How alcohol consumption correlates with glaucoma

May 9, 2016

With the advent of electronic health records, it is now easier than ever to keep up with what medications a patient is actually taking, and (especially in the arena of glaucoma) the several classes of medications, such as steroids, beta blockers, and antihistamines, that can influence how patients’ eyes behave. With this in mind, I had a patient come in the other day with an interesting question regarding her intraocular pressure (IOP).

With the advent of electronic health records, it is now easier than ever to keep up with what medications a patient is actually taking, and (especially in the arena of glaucoma) the several classes of medications, such as steroids, beta blockers, and antihistamines, that can influence how patients’ eyes behave. With this in mind, I had a patient come in the other day with an interesting question regarding her intraocular pressure (IOP).

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She is a 74-year-old African-American female with a longstanding history of bilateral primary open-angle glaucoma (POAG). She has been stable for several years now and uses a prostaglandin analog in each eye at bedtime. Her medical history is remarkable for hypothyroidism, systemic hypertension, and hypercholesterolemia-all of which are all reportedly under good control. Her systemic medications include Synthroid (levothyroxine, AbbVie), lisinopril (Prinivil, Merck)/hydrochlorothiazide (Microzide, Watson Laboratories), and simvastatin (Zocor, Merck). She also supplements with fish oil daily in the form of a pill.

She presented for a three-month IOP check with entering best-corrected visual acuities of 20/20 in each eye. Pupils were normal, as were the anterior segments. Intraocular pressures by means of Goldmann applanation tonometry were 13 mm Hg in the right eye and 15 mm Hg in the left eye at 2:45 p.m. Undilated optic nerve evaluation by means of pre-corneal lens revealed no Drance hemorrhages. After asking her if she needed any refills of her drops and recommending she schedule another three-month follow-up appointment, she asked me an interesting question.

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“Let me ask you something,” she said. “My girlfriends and I play bridge and drink on Saturdays. Is that going to affect my eye pressure?” I asked her how much she drank, and she said, “Just a little gin while we play.”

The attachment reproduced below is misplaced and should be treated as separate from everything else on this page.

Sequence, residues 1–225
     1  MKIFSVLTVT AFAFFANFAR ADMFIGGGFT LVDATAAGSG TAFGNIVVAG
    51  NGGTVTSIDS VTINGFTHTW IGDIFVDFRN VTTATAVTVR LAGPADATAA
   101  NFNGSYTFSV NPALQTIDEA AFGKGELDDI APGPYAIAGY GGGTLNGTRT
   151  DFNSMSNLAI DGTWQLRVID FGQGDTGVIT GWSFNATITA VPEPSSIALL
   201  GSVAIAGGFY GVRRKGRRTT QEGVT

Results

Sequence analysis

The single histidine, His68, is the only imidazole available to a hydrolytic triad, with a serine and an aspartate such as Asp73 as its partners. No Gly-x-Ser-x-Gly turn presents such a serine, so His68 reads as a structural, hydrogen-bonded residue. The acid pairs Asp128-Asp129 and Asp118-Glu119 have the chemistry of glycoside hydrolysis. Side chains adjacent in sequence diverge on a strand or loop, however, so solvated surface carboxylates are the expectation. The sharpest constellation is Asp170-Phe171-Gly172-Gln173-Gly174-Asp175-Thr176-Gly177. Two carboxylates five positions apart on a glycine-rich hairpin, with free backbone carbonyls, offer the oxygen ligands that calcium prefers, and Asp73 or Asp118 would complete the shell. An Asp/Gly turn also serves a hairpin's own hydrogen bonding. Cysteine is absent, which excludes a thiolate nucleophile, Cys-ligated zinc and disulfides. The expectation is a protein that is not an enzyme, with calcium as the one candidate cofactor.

Next: Glaucoma and alcohol

 

Glaucoma and alcohol

Several things went through my head, one of which was the somewhat jaded truth that “just a little bit” can mean many things, including “a lot.” However, I appreciated the question, and after the fact I was compelled to research the topic.

As it turns out, ethyl alcohol (ethanol) has been known for decades to be a hyperosmotic molecule (albeit in the short term). However, ethanol consumption may have a propensity to raise IOP after chronic use. The implication is that it may reduce IOP in the short term (perhaps just a couple of hours or so) but possibly have a negative impact in the long term. I was unable to find any compelling evidence showing alcohol consumption as having a direct and causatively negative impact on glaucoma. Therefore, drinking alcohol has not been clearly demonstrated as being a risk factor for the development of glaucoma.

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That being said, glaucoma is just one optic neuropathy (in addition to another on the list of optic neuropathies: toxic optic neuropathy, which alcohol over-consumption is known to cause). Figure 1 is the spectral domain optical coherence tomography (SD-OCT) ganglion cell analysis and corresponding retinal nerve fiber layer analysis of a 55-year-old Caucasian male with toxic optic neuropathy and a known lengthy history of alcohol abuse. The patient died several years later of complications related to liver failure.

Sharing good information

Systemically, there is a great deal of information readily available to the public regarding differing opinions of what levels of alcohol consumption are considered “safe” for adult males and females. However, the Centers for Disease Control and Prevention (CDC) has what I consider to be an excellent, comprehensive, and definitive website devoted to alcohol consumption and health and welfare: http://www.cdc.gov/alcohol.

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Getting back to my patient and her seemingly pointed question, I answered as practically as I knew how and simply said, “Well, alcohol consumption technically does slowly poison us, but that being said, your glaucoma has been behaving ever since I’ve been treating you. So, just don’t overdo it and your eyes should be fine.”

We, as optometrists, are fiduciaries and have an obligation to inform our patients appropriately. Sometimes that can mean quoting studies, and sometimes that can mean simply extending the notion of good common sense.

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